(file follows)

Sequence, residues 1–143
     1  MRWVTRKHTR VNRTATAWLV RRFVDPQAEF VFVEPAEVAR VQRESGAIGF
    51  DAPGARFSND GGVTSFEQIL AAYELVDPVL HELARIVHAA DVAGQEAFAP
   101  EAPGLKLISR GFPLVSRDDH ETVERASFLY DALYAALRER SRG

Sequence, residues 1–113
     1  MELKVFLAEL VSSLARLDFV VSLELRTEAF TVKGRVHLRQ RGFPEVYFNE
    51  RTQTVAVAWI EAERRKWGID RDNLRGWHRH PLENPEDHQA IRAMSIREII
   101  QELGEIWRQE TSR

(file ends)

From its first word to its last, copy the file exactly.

Sequence, residues 1–143
     1  MRWVTRKHTR VNRTATAWLV RRFVDPQAEF VFVEPAEVAR VQRESGAIGF
    51  DAPGARFSND GGVTSFEQIL AAYELVDPVL HELARIVHAA DVAGQEAFAP
   101  EAPGLKLISR GFPLVSRDDH ETVERASFLY DALYAALRER SRG

Sequence, residues 1–113
     1  MELKVFLAEL VSSLARLDFV VSLELRTEAF TVKGRVHLRQ RGFPEVYFNE
    51  RTQTVAVAWI EAERRKWGID RDNLRGWHRH PLENPEDHQA IRAMSIREII
   101  QELGEIWRQE TSR